As already pointed out, this invention provides a composition comprising a polyether antibiotic and a glycopeptide antibiotic. The components of the present composition are employed in amounts which, in combination, produce an unexpected interaction. The composition causes the production of a larger amount of propionate in the rumen of an animal having a developed rumen function than caused by either active component when administered alone. The net affect of such unexpected increase in propionate production is a correspondingly unexpected increase in the efficiency of feed utilization. Accordingly, the invention provides a composition useful for improving the efficiency of feed utilization by ruminants having a developed rumen function comprising as a first component a polyether antibiotic and as a second component a glycopeptide antibiotic, said components being present in amounts which, in combination, demonstrate an interaction, or in amounts which are about their respective optimal amounts when employed alone.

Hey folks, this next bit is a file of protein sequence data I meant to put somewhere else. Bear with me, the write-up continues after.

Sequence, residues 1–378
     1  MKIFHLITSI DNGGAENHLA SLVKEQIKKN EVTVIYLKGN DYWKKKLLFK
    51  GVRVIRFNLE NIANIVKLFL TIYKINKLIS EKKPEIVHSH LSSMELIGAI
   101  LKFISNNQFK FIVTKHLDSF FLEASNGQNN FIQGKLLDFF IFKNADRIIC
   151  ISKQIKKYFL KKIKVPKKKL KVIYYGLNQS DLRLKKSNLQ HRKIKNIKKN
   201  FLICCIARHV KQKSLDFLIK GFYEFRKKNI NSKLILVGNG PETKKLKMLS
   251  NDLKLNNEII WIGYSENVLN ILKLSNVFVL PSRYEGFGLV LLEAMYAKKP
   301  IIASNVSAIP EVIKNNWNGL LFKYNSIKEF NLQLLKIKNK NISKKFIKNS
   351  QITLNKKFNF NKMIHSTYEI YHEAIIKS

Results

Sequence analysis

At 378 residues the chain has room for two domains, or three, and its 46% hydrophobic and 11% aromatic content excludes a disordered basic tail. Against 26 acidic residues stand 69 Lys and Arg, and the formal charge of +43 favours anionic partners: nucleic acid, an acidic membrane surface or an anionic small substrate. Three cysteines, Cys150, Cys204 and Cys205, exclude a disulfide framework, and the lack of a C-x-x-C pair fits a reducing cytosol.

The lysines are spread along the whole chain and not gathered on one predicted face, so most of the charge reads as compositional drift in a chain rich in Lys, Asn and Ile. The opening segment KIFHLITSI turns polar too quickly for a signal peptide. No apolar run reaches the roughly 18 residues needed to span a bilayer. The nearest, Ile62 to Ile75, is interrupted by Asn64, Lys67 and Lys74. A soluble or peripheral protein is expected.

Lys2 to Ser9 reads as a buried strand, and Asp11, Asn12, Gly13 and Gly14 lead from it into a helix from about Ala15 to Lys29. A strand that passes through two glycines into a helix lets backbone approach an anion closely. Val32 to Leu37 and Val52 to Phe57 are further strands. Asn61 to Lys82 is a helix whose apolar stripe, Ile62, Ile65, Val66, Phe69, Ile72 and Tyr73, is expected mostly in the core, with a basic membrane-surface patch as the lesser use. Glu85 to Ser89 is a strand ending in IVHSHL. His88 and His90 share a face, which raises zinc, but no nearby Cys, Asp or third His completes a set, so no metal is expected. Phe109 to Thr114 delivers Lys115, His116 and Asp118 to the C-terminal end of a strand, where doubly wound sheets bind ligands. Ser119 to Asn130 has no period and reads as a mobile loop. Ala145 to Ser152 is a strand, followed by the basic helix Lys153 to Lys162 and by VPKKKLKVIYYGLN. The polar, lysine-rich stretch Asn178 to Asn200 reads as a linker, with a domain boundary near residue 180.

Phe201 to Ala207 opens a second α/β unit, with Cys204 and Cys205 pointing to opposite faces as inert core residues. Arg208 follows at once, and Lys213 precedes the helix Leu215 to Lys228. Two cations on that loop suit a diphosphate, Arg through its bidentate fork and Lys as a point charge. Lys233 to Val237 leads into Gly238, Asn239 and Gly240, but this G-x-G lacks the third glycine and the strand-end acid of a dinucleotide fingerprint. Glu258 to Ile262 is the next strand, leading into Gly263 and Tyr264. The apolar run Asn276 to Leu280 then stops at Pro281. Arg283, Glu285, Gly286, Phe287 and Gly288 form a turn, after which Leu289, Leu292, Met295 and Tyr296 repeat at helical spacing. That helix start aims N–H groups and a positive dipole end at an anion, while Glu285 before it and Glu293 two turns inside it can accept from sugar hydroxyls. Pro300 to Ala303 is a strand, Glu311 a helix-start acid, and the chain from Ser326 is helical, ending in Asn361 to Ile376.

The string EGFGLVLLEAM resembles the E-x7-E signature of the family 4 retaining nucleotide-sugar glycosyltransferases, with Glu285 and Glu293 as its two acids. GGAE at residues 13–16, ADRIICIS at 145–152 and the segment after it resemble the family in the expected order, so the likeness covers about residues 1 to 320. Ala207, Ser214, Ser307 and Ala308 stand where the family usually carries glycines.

The compositions provided herein comprise a polyether as defined above and a glycopeptide as defined above. The respective components will be present on a weight basis in a ratio of about 1 to about 10 parts polyether together with about 1 to about 10 parts glycopeptide. For example, a polyether such as narasin will be employed at a concentration level of about 1 to about 20 grams per ton of ruminant feedstuff, together with a glycopeptide such as avoparcin or actaplanin at a concentration level of about 5 to about 50 grams per ton of ruminant feedstuff. A particularly preferred embodiment of the invention is a combination of narasin at about 2 to about 10 grams per ton of feedstuff, and actaplanin at about 5 to about 20 grams per ton. Such combination exhibits an unexpected interaction to such extent that the increase in efficiency of ruminant feed utilization is greater than that achieved with either component when employed alone at its respective optimal dose level. Typically, the maximal doses of each component to be employed in accordance with the present invention are substantially the same as the maximal doses for effective growth promotion and feed utilization enhancement by the individual components. For example, monensin has been demonstrated to cause a maximal improvement in feed efficiency at a dose level of about 30 grams per ton of feed, or a dosage level of about 33 ppm (see Raun et al., J. Ani. Sci. 43, 670 (1976)). Similarly, actaplanin at a dose of about 30 grams per ton of feed effects the largest increase in propionate production observed with that agent. According to the present invention, there is thus provided a preferred combination comprising monensin as a first component, ideally commercial monensin sodium which includes primarily factor A with a small amount of factor B, and actaplanin as a second component. Normally such combination will be added to a ruminant feedstuff such that the dose level is about 15 to about 50 grams per ton of monensin and about 15 to about 50 grams per ton of actaplanin. A preferred combination according to this invention comprises about 30 grams of monensin and about 30 grams of actaplanin, said dose of combination being administered per ton of feedstuff.